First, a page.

PBX stands for Private Branch Exchange System, which is a private telephone network used within a company or organization. The users of the PBX phone system can communicate internally (within their company) and externally (with the outside world), using different communication channels like Voice over IP, ISDN or analog. A PBX or PABX also allows you to have more phones than physical phone lines (PTSN) and allows free calls between users. Additionally, it provides features like transfer calls, voicemail, call recording, interactive voice menus (IVRs) and call queues.
Traditional PBXs would have their own proprietary phones, such that there would be no way to re-use these phones with a different system. This means that we either have system-lock-in (we are bound to the same system because changing system means also changing phones, which makes it prohibitively expensive to break away) or vendor-lock-in (we are bound to the same vendor because the phones are only usable with systems from the same vendor, sometimes only within a particular range of systems).
Time and technology, however, have changed the consumer telephony landscape, with the flag-bearer being the Open-Standards-based IP PBX. The point of the ìIPî in this new era is that the phone calls are delivered using the Internet Protocol as the underlying transport technology.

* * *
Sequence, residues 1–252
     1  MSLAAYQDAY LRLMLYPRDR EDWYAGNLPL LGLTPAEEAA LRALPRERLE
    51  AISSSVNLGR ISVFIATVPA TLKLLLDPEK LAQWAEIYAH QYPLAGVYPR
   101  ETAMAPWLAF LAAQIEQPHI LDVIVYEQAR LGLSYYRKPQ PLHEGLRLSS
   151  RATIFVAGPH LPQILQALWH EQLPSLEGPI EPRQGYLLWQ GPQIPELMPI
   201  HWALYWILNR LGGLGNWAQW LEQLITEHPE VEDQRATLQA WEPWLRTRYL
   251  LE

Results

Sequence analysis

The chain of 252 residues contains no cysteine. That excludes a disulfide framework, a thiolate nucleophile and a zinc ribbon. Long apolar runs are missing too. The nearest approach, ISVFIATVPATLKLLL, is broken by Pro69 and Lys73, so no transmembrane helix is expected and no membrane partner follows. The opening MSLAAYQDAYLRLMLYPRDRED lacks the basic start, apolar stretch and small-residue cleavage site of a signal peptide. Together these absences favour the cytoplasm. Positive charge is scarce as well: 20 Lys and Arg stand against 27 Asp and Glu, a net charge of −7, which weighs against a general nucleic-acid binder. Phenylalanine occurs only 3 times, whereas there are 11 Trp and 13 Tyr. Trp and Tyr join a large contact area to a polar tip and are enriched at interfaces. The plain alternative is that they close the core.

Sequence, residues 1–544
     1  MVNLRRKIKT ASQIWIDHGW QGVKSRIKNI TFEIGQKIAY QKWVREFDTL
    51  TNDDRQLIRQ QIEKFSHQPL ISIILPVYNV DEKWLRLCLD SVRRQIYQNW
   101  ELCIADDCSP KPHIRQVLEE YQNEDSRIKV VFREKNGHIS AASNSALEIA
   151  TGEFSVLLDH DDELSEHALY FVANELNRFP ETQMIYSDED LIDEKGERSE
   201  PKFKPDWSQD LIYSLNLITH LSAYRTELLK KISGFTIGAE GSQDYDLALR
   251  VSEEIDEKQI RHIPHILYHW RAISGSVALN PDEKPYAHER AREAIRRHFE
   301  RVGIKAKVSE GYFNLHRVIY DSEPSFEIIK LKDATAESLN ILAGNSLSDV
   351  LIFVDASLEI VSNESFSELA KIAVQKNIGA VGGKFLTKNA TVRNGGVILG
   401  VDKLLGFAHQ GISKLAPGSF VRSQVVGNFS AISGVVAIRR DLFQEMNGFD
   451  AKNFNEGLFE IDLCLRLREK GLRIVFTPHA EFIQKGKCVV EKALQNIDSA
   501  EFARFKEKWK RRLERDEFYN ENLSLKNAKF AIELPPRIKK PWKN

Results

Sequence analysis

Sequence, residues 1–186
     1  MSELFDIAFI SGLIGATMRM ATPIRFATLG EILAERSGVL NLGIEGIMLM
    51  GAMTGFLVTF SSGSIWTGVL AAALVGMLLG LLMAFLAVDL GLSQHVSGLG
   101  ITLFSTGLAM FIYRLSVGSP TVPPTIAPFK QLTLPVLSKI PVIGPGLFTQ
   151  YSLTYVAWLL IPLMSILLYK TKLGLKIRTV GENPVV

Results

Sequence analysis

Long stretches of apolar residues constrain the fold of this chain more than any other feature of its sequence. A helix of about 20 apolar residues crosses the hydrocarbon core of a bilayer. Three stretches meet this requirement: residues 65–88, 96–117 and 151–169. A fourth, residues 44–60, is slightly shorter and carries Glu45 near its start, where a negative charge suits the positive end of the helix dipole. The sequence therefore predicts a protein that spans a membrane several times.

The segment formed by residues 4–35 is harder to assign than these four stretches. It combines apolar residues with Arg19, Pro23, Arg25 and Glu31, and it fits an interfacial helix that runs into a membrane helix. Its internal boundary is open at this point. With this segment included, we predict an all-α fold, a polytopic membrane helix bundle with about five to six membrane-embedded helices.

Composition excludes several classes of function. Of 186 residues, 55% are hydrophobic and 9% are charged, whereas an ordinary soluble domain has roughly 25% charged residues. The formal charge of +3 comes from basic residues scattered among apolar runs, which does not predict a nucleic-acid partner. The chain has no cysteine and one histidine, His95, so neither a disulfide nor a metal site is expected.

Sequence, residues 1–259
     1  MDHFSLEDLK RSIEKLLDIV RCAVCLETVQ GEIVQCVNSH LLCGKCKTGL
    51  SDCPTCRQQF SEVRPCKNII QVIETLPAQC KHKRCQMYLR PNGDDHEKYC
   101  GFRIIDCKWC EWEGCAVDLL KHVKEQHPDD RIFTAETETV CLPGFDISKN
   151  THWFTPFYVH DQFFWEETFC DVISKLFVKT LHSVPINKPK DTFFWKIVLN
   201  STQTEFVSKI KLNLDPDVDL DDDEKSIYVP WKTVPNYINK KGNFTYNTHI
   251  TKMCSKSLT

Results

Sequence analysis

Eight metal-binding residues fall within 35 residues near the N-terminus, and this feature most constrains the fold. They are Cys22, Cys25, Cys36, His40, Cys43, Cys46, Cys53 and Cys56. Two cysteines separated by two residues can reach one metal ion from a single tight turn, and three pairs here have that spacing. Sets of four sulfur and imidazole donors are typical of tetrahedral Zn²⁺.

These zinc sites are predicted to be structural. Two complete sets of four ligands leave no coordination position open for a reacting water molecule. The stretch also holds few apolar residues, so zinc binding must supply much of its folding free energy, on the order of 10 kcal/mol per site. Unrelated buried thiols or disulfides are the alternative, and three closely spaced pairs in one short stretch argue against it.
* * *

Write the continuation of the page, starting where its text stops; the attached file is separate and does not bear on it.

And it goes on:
PBX phone systems are available as hosted or virtual solutions and as on-premise solutions to be run on your own hardware.
How does a PBX System works Diagram
With a traditional PBX, you are typically constrained to a certain maximum number of outside telephone lines (trunks) and to a certain maximum number of internal telephone devices or extensions. Users of the PBX phone system (phones or extensions) share the outside lines for making external phone calls.
Switching to an IP PBX brings with it many benefits and opens up possibilities, allowing for almost unlimited growth in terms of extensions and trunks, and introducing more complex